Allen argues that the facts as alleged are enough for a claim of gross negligence. Allen alleges that Anwar performed an unnecessary surgical procedure. Such procedures resulted in Allen's permanent disfigurement and disability. Allen is left with limited flexibility in her arms. Allen has suffered severe scarring as a result of the surgery. Allen argues that such allegations are not conclusions of law, but rather facts that sustain a cause for gross negligence.
In order to prevail under a § 1983 cause of action, Allen must prove the higher standard of "deliberate indifference" rather than gross negligence. Wood v. Housewright, 900 F.2d 1332, 1334 (9th Cir. 1990). Here, a gross negligence cause of action is redundant and does not entitle Allen to a different remedy against Anwar from that which she could potentially recover under her § 1983 claim.
Defendant's motion to dismiss Allen's fifth cause of action for gross negligence is GRANTED WITH LEAVE TO AMEND.
5. Intentional Misrepresentation
Defendants move to dismiss Allen's claim for intentional misrepresentation arguing that Allen fails to plead this cause of action with particularity as required by Rule 9(b) of the Federal Rules of Civil Procedure.
Rule 9(b) requires that allegations of fraud are specific enough to give defendants notice of the particular misconduct which is alleged to constitute the fraud charged so that they can defend against the charge and not just deny that they have done anything wrong. Celado Int'l, Ltd. v. Walt Disney Co., 347 F. Supp. 2d 846, 855 (C.D. Cal. 2004); see also Neubronner v. Milken, 6 F.3d 666, 671 (9th Cir. 1993) (internal quotations omitted). A pleading is sufficient under Rule 9(b) if it identifies the circumstances constituting fraud so that the defendant can prepare an adequate answer from the allegations. Neubronner, 6 F.3d at 671. The complaint must specify such facts as the times, dates, places and other details of the alleged fraudulent activity. Id. Under California law the elements of intentional misrepresentation, or actual fraud are: 1) misrepresentation (false representation, concealment, or nondisclosure) 2) knowledge of falsity (scienter) 3) intent to defraud (i.e., to induce reliance) 4) justifiable reliance and 5) resulting damage. Olson v. Cohen, 106 Cal. App. 4th 1209, 1216-1217 (Cal.Ct.App. 2003); see also Anderson v. Deloitte Touche, 56 Cal. App. 4th 1468, 1474 (Cal.Ct.App. 1997).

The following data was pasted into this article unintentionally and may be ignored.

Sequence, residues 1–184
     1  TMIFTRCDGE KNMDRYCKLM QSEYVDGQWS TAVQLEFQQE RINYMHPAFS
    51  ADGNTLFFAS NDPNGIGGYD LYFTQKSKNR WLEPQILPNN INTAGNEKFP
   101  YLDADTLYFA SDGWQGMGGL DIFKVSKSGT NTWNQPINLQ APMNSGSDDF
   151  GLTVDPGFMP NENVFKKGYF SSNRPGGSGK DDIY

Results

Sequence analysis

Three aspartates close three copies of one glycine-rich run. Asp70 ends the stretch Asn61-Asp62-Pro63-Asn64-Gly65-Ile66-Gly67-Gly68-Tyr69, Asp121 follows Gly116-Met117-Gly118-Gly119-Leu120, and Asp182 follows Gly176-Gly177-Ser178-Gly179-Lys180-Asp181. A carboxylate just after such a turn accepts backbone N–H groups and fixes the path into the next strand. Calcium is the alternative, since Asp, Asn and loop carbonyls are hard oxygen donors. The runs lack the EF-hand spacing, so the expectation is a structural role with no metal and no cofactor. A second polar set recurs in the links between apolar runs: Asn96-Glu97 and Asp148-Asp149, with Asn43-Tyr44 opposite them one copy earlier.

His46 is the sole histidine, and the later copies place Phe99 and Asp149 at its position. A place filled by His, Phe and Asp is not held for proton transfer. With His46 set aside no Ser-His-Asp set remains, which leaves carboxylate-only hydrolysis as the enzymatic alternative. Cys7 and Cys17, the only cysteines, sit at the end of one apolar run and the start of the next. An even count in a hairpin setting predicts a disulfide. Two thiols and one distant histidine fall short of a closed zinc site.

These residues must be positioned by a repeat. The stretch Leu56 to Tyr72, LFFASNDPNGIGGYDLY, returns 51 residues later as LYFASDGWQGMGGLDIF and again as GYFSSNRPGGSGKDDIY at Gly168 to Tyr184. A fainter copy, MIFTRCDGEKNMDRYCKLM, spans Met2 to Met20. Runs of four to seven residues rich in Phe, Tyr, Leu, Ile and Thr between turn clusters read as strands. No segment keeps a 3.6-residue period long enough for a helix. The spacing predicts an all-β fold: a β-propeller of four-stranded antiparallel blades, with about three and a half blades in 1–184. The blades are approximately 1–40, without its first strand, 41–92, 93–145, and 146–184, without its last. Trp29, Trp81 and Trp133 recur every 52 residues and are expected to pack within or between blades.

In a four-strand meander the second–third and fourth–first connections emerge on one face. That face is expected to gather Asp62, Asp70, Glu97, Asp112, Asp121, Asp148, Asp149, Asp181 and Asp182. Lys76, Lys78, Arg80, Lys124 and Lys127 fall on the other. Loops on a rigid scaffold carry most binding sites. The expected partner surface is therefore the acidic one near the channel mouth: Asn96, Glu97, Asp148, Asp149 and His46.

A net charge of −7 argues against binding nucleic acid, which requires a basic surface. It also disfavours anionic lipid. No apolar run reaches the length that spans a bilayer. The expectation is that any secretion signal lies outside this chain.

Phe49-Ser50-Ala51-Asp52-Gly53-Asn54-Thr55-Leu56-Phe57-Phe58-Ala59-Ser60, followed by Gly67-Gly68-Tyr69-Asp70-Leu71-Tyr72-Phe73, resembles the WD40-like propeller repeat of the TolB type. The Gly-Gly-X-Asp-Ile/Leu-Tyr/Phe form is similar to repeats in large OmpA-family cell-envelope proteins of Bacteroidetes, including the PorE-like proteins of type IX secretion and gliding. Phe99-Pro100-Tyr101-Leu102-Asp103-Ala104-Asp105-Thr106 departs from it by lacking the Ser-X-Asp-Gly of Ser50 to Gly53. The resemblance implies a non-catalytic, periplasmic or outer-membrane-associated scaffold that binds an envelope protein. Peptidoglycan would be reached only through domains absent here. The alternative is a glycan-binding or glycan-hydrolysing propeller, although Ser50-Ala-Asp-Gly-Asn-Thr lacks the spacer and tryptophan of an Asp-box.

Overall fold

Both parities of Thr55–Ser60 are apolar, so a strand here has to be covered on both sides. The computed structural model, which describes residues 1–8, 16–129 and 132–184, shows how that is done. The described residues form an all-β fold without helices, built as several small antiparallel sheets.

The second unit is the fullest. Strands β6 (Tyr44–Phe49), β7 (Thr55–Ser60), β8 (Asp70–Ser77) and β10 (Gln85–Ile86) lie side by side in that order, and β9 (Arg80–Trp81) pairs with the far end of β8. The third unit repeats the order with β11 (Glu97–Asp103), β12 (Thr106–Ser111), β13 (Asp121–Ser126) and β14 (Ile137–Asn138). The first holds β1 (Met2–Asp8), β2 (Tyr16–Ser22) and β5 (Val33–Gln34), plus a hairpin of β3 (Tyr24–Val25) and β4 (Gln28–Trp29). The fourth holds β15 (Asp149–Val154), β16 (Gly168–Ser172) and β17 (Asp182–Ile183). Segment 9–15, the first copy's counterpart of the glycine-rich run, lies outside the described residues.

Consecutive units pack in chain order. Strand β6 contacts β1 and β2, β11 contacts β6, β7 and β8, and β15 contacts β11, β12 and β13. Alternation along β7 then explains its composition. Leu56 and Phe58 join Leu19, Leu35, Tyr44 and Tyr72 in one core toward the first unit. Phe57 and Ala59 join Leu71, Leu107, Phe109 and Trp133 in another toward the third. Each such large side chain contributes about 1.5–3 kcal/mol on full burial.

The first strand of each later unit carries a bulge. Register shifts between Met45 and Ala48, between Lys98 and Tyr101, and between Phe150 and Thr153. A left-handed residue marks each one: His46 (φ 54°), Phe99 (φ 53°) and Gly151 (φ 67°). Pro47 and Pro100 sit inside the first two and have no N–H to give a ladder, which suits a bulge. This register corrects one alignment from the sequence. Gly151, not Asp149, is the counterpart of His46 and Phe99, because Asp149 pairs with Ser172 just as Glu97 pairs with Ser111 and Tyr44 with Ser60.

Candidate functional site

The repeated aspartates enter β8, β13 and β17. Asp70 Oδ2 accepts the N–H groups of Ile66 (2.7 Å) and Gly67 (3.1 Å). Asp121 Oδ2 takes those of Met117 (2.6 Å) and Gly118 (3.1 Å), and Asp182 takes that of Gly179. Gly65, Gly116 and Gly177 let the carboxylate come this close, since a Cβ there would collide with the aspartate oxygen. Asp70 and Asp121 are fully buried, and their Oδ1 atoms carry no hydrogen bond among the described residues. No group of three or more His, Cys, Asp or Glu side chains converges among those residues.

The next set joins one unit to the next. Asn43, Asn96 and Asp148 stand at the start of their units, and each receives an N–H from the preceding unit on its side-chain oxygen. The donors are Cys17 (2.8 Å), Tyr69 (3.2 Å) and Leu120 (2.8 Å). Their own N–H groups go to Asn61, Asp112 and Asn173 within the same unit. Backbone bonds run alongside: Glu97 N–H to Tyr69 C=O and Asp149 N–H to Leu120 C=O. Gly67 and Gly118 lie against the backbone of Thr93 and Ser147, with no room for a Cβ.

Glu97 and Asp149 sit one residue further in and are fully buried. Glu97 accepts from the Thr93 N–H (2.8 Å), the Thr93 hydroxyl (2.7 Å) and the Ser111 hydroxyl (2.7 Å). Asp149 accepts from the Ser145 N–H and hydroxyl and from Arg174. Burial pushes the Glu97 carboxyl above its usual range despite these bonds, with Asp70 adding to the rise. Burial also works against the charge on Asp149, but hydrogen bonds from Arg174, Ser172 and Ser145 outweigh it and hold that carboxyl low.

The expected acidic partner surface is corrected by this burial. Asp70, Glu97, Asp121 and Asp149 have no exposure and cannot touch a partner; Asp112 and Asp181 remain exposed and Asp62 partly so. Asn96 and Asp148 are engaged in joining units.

Allen alleges that on July 21, 2004 she sought treatment from CDC defendants for boils. She claims that CDC personnel misrepresented to her that dermatological care was not appropriate for her condition and that Anwar's surgical procedure was the only treatment option CDC would offer. Allen also claims that Anwar and MCH, in seeking consent for her surgery, misrepresented to her that the surgery would be minimally invasive. She alleges that they made this misrepresentation with knowledge that the surgery would actually involve the removal of skin, tissue, and glands. She further argues that they intended to defraud her so that she would consent to the surgery and that she relied on their misrepresentation. Had she known that the surgery would involve the removal of skin, tissue, and glands, she would not have consented. As a result, she alleges that she has suffered damage from the surgery due to limited mobility and flexibility in her arms, permanent disfigurement, and chronic pain and humiliation. These allegations are sufficient under Rule 9(b) in identifying the circumstances constituting fraud so that defendants are able to prepare an adequate answer from the allegations. Once intentional fraud is alleged, punitive damages are an available remedy.